“Caten” by David Letellier.

BERKELEY, California — Remember Ernesto Neto’s jaw-dropping installation “Leviathan Thot,” at the Panthéon in Paris in 2006? As much as I loved “Leviathan Thot” it could have easily been made in the 1970s or 80s. Recently however, I stumbled across another artist in who has made an equally powerful and much more contemporary, albeit more subtle, installation in another French church.

Caten” is a kinetic sound installation by David Letellier in the Saint Sauveur Chapel in Caen, France. While mirroring the the chapel’s arches in form; in movement and sound, “Caten” possesses a wholly alien aesthetic than the one found in the historic chapel. With a minimal soundscape playing and 300 thin metallic wires slowly rotating with four arms, the installation remains fragile and in constant motion. Despite the mechanical nature and contemporary noise of the installation, “Caten” works well in the old chapel — there is an other-worldly quality to both.

“Caten” gets it’s name from Catenary, which describes the curve formed between two points by a rope. Although the entire installation is reminiscent of many works by Los Angeles-based Ball-Nogues Studio, the kinetic and audio qualities makes it much more dynamic.To elaborate on the sound composition, Letellier’s website writes:

… inspired by the medieval solmisation prayers, especially the first verse of “Ut Queant Laxis”, also known as the “hymn to St John the Baptist”, used in the eleventh century to determine the names of the notes of the scale used in latin countries.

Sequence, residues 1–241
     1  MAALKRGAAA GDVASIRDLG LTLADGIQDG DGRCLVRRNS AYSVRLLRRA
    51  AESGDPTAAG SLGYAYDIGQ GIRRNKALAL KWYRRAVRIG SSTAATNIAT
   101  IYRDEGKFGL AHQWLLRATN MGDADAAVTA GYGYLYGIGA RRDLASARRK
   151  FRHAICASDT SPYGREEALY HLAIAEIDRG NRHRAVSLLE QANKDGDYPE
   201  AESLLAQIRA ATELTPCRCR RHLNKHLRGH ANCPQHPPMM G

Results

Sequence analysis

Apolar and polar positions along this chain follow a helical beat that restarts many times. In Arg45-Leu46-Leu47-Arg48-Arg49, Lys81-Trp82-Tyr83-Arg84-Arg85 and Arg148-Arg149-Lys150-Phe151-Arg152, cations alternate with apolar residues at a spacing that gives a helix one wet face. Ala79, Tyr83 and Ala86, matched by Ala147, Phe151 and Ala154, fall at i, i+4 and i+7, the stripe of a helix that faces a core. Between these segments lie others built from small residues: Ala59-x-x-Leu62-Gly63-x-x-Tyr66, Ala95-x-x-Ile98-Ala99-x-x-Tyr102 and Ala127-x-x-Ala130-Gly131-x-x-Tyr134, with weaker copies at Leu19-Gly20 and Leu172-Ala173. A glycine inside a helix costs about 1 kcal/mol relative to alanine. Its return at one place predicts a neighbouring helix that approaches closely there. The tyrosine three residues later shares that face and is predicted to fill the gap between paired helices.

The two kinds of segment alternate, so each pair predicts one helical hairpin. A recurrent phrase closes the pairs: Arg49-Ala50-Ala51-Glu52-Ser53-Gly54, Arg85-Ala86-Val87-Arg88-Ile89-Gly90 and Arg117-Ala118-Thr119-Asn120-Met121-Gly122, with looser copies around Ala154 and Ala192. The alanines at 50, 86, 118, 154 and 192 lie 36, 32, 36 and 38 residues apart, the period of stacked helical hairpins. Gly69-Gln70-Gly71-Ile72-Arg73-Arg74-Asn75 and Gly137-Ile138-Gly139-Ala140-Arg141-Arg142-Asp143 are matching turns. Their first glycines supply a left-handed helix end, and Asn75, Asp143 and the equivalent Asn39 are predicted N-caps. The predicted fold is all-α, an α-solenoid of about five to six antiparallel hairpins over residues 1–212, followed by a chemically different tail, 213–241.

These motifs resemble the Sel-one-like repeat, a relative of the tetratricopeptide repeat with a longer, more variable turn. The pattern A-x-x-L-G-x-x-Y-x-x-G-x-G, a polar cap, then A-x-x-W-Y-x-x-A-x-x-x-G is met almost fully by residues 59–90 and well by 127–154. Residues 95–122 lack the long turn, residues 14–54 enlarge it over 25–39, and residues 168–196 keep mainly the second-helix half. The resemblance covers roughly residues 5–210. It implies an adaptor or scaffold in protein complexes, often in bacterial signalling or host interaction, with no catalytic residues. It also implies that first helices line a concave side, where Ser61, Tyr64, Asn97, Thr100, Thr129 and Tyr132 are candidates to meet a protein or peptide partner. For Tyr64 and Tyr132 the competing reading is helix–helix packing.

At each turn, the engines emit one of the first 4 notes of the scale (Ut, Re, Mi, Fa), creating a sequence of intervals, constantly reconfigured.

Simply put, this means the sounds created used a very particular set of notes that creates a truly pleasant and calming effect without an especially musical structure to them. The piece is such that I really wish I could have been there to see it in person, it is very responsive and interactive with the site in a way hard to truly feel through online representation. Unlike one of my favorite kinetic works, “Tele-Present Water” by David Bowen, which uses real-time bouy information to represent far-off ocean swells inside the gallery, “Caten” can only exist in Saint Sauveur Chapel.

Ben Valentine

Ben Valentine is an independent writer living in Cambodia. Ben has written and spoken on art and culture for SXSW, Salon, SFAQ, the Los Angeles Review of Books, YBCA, ACLU, de Young Museum, and the Museum...